We imagine the suits over at the FCC
must be big fans of the movie Top Gun, because a major new Internet policy that's about to be unveiled proves someone in Washington feels the need for speed. We're talking about a policy that would task ISPs with putting 100Mbps speeds in place at 100 million American homes within the next decade.
That's just one of several goals outlined in the National Broadband Plan, though it's the one that's drawing the most ire from a handful of ISPs who oppose "extreme forms of regulation
" by the FCC.
"This is a fairly unique event,
" said Paul Gallant, an analyst with Concept Capital. "The FCC really has never been asked to design a broad regulatory shift like this. Broadband is important and difficult because it threatens every established communications sector.
Naturally, the FCC feels different, and according to the agency's chief, Julius Genachowski, the proposal is a "win-win for everyone involved.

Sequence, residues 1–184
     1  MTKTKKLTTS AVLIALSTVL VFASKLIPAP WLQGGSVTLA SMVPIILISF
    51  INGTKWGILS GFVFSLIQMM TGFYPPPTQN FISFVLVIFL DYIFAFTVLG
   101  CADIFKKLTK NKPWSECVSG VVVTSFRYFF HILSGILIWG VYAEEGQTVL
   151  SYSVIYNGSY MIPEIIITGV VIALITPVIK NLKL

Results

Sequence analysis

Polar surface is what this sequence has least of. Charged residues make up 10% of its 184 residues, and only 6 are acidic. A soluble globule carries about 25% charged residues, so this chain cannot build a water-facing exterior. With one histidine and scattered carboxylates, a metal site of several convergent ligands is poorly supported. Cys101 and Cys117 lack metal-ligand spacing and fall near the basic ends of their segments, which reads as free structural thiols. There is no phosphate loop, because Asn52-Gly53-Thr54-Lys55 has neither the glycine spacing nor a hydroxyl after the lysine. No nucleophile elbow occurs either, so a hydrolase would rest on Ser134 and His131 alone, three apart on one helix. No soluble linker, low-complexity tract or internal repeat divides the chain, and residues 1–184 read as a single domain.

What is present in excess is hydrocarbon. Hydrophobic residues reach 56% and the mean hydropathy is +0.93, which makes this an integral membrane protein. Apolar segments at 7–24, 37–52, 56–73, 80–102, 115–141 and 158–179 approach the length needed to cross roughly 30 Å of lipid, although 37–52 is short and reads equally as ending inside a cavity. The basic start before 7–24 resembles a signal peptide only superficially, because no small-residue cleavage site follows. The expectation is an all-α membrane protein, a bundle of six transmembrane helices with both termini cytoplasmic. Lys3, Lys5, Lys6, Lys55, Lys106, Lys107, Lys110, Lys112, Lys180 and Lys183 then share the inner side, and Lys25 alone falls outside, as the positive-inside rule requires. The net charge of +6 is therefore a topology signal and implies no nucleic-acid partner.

"We've certainly heard from a number of broadcasters who told us they think this is a promising direction and are getting ready to roll up their sleeves with us,
" Genachowski added.Broadband
providers are probably most concerned with the cost associated with the FCC's proposal, but should they be? According to ABI Research, global fixed broadband service revenue is expected to exceed $210 billion in 2014
, up from $164 billion in 2009, and $145 billion in 2008. Those are global figures, mind you, but still a staggering amount of revenue. Even during an economic downturn, ISPs appear to be as financially strong as ever, at least in terms of broadband dollars.
There are many other parts to the National Broadband Plan, such as a $16 billion investment to build an emergency public safety system, a one-time investment of $9 billion to extend the reach of broadband into rural areas, ensuring that government buildings, schools, libraries, and healthcare facilities get speeds in the vicinity of 1Gbps by 2020, and more.
Ambitious, to say the least, but entirely "achievable,
" Genachowski says.